Monday, December 19, 2011

Christmas


The Christmas traditions in Hungary are similar to those of the states but there are some differences. For instance, Santa Claus does not come on Christmas Eve but on December 6th. He brings switches for those that were bad and chocolate and other sweets for those who were good. Then it is Baby Jesus that brings the gifts on Christmas Day.

During this Christmas season we provided music for some very different audiences - a Hungarian church, an international church, a hospice center, an elementary school, a dinner for poor gypsies as well as one for refugees. We also attended a couple of choral concerts.

Beginning back in November, Rose and Marion began crocheting scarves to give to homeless people that live on the streets of Budapest. As they crocheted, they often prayed for the ones that would receive their work of love. Each of the scarves was then put into a gift bag along with food items, toiletries, and a book mark with a Hungarian scripture.

Our prayer was that God would lead us to the ones that should receive the gifts. As we passed a train station, Marion saw some homeless people. We turned around and found a parking place. They were so grateful. I wondered what happened that they had to leave the comforts of home and live on the streets.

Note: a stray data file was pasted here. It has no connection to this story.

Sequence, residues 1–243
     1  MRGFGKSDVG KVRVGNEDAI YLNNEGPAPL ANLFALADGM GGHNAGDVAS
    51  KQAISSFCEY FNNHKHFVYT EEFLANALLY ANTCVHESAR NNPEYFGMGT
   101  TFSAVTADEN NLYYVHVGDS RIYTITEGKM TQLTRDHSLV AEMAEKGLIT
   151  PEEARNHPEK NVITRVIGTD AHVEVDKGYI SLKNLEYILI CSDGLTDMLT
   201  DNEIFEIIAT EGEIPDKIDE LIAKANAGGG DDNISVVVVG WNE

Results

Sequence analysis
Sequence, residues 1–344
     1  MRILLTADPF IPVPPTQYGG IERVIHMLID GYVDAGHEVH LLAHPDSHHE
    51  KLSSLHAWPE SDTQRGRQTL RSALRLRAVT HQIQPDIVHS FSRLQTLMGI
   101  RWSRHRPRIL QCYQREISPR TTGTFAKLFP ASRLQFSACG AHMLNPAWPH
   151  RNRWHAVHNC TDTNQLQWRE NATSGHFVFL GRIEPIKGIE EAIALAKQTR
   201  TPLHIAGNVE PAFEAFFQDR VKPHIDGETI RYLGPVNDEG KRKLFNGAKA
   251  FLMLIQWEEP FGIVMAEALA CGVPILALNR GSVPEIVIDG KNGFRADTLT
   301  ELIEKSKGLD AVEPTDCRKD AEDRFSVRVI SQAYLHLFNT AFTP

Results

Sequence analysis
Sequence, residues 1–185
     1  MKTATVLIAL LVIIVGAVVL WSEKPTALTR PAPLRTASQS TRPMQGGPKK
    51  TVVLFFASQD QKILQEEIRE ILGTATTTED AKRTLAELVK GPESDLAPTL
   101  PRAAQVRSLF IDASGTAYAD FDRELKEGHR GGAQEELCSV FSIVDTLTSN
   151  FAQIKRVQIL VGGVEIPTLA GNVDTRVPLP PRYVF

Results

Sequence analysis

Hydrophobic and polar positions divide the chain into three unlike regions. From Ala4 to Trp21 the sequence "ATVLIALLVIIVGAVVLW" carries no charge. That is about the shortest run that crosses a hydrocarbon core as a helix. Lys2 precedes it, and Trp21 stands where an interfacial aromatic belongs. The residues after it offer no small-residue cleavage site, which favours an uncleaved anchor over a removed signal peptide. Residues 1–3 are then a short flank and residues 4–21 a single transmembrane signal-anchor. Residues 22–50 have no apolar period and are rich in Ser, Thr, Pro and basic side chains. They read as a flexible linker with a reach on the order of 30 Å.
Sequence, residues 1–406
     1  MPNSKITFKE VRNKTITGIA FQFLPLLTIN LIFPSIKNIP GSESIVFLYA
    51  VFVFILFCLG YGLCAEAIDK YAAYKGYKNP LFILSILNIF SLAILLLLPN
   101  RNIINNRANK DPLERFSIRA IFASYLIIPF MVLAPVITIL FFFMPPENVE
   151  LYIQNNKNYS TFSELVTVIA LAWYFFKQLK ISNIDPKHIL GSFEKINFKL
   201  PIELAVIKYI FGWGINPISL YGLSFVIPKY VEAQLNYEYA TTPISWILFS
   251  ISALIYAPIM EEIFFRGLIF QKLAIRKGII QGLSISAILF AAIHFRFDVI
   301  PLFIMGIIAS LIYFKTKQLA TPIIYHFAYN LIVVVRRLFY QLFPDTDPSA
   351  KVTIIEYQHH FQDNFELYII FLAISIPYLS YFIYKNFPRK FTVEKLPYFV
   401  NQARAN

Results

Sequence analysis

Marion had given her gift to another man who was just a few feet away. I told her that I was ready to go but she just stood in front of the man. Then I saw that he was crying and pouring out his heart to my daughter.

He was telling her that his wife died the day before. He told that he sat beside her dead body and cried out to God to take him too. There he was in the train station with thousands of people going by. He was grieving, suffering, and no one stopped. No one cared. But God sent this young teenage girl who had made him something with her own hands just to let him know that someone cares.

As we got back into the car and turned the heat on, we were all overcome with compassion. Before we drove away we asked God to help all of those that received a scarf - especially the man whose wife had died.